strange silence and hovering shadows of gloom, with the speaking
stars seeming to call to her, with the moan of the wind in the
pines, and the melancholy mourn of coyotes in the distance, she
was not able to govern her thought and emotion. The day was
practical, cold; the night was strange and tense. In the
darkness she had fancies wholly unknown to her in the bright
light of the sun. She battled with a haunting thought. She had
inadvertently heard Nels's conversation with Stewart; she had
listened, hoping to hear some good news or to hear the worst; she
had learned both, and, moreover, enlightenment on one point of
Stewart's complex motives. He wished to spare her any sight that
might offend, frighten, or disgust her. Yet this Stewart, who
showed a fineness of feeling that might have been wanting even in
Boyd Harvey, maintained a secret rendezvous with that pretty,
abandoned Bonita. Here always the hot shame, like a live,
stinging, internal fire, abruptly ended Madeline's thought. It
was intolerable, and it was the more so because she could neither
control nor understand it. The hours wore on, and at length, as
the stars began to pale and there was no sound whatever, she fell

She was called out of her slumber. Day had broken bright and
cool. The sun was still below the eastern crags. Ambrose, with
several other cowboys, had brought up buckets of spring-water,
and hot coffee and cakes. Madeline's party appeared to be none
the worse for the night's experience. Indeed, the meager
breakfast might have been as merrily partaken of as it was
hungrily had not Ambrose enjoined silence.

"They're expectin' company down below," he said.

This information and the summary manner in which the cowboys soon
led the party higher up among the ruined shelves of rock caused a
recurrence of anxiety. Madeline insisted on not going beyond a
projection of cliff from which she could see directly down into
the camp. As the vantage-point was one affording concealment,
Ambrose consented, but he placed the frightened Christine near
Madeline and remained there himself.

"Ambrose, do you really think the guerrillas will come?" asked

"Sure. We know. Nels just rode in and said they were on their
way up. Miss Hammond, can I trust you? You won't let out a
squeal if there's a fight down there? Stewart told me to hide
you out of sight or keep you from lookin'."

"I promise not to make any noise," replied Madeline. Madeline
arranged her coat so that she could lie upon it, and settled down
to wait developments. There came a slight rattling of stones in
the rear. She turned to see Helen sliding down a bank with a
perplexed and troubled cowboy. Helen came stooping low to where
Madeline lay and said: "I am going to see what happens, if I die
in the attempt! I can stand it if you can. She was pale and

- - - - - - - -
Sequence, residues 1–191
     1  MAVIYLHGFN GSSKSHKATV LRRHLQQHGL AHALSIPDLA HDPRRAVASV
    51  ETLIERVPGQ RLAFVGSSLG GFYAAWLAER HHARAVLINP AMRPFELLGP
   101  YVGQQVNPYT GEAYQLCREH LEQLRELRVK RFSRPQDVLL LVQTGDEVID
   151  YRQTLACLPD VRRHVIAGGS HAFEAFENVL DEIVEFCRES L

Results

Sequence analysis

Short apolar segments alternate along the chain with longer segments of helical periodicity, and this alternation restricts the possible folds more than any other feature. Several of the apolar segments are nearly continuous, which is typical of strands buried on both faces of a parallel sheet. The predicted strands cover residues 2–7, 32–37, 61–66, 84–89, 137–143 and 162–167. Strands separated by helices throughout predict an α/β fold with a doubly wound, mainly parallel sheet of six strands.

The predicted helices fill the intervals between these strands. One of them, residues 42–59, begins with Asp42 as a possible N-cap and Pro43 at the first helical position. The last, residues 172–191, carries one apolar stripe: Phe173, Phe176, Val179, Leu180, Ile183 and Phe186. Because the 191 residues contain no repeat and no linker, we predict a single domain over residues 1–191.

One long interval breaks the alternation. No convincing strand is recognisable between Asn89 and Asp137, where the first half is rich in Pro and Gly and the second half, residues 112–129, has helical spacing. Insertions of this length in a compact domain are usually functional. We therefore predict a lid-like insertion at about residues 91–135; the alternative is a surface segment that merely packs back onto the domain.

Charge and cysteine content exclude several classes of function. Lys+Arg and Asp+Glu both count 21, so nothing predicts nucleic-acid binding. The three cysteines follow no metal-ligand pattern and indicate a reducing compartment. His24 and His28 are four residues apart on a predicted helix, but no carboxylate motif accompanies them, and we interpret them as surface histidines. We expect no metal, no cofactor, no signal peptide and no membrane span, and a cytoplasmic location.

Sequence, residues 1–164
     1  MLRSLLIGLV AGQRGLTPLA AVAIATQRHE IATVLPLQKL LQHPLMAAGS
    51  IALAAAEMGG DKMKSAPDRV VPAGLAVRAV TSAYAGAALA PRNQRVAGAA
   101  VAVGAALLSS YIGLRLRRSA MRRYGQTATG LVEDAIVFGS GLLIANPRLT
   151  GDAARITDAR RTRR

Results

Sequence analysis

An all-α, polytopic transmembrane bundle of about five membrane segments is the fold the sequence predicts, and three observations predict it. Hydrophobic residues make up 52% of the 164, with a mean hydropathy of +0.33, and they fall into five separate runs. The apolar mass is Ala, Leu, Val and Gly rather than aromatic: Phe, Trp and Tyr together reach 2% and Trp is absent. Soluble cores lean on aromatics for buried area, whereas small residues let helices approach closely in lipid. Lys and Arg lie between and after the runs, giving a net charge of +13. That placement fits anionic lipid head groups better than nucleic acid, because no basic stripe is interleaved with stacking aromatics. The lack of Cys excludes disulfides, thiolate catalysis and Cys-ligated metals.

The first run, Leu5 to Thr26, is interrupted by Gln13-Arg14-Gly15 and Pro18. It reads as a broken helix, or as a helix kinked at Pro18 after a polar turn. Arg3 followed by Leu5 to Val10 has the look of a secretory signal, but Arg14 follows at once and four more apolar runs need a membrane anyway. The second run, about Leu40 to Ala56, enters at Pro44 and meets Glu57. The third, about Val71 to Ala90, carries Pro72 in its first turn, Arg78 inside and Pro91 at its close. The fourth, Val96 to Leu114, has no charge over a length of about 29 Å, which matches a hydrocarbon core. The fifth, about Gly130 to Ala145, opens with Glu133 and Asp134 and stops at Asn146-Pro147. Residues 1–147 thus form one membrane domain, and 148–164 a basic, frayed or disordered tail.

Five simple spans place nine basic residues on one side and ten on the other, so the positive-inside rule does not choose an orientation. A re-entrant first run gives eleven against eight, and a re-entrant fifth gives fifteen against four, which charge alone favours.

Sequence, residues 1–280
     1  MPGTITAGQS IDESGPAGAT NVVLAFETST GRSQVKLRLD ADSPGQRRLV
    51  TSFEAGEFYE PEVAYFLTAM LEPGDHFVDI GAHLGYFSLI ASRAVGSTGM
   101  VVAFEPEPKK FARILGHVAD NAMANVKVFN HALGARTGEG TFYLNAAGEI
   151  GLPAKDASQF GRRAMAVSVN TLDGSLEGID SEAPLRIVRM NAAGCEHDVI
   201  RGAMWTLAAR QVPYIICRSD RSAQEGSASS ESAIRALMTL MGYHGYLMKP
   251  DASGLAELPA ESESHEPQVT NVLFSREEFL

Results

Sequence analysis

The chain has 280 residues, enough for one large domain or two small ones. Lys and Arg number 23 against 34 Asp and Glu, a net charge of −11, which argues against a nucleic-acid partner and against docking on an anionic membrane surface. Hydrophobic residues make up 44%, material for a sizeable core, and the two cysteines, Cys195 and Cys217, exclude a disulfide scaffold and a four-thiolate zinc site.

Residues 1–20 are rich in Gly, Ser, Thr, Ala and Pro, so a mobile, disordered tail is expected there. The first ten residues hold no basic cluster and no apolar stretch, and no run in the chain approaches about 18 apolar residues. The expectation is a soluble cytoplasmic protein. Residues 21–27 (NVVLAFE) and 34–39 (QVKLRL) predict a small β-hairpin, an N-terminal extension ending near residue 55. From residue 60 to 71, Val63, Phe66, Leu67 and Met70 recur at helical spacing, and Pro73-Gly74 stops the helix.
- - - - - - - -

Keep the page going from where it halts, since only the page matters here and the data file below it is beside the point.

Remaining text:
big-eyed. Ambrose promptly swore at the cowboy who had let her
get away from him. "Take a half-hitch on her yourself an' see
where you end up," replied the fellow, and disappeared in the
jumble of rocks. Ambrose, finding words useless, sternly and
heroically prepared to carry Helen back to the others. He laid
hold of her. In a fury, with eyes blazing, Helen whispered:

"Let go of me! Majesty, what does this fool mean?"

Madeline laughed. She knew Helen, and had marked the whisper,
when ordinarily Helen would have spoken imperiously, and not low.
Madeline explained to her the exigency of the situation. "I
might run, but I'll never scream," said Helen. With that Ambrose
had to be content to let her stay. However, he found her a place
somewhat farther back from Madeline's position, where he said
there was less danger of her being seen. Then he sternly bound
her to silence, tarried a moment to comfort Christine, and
returned to where Madeline lay concealed. He had been there
scarcely a moment when he whispered:

"I hear hosses. The guerrillas are comin'."

Madeline's hiding-place was well protected from possible
discovery from below. She could peep over a kind of parapet,
through an opening in the tips of the pines that reached up to
the cliff, and obtain a commanding view of the camp circle and
its immediate surroundings. She could not, however, see far
either to right or left of the camp, owing to the obstructing
foliage. Presently the sound of horses' hoofs quickened the beat
of her pulse and caused her to turn keener gaze upon the cowboys

Although she had some inkling of the course Stewart and his men
were to pursue, she was not by any means prepared for the
indifference she saw. Frank was asleep, or pretended to be.
Three cowboys were lazily and unconcernedly attending to
camp-fire duties, such as baking biscuits, watching the ovens,
and washing tins and pots. The elaborate set of aluminum plates,
cups, etc., together with the other camp fixtures that had done
service for Madeline's party, had disappeared. Nick Steele sat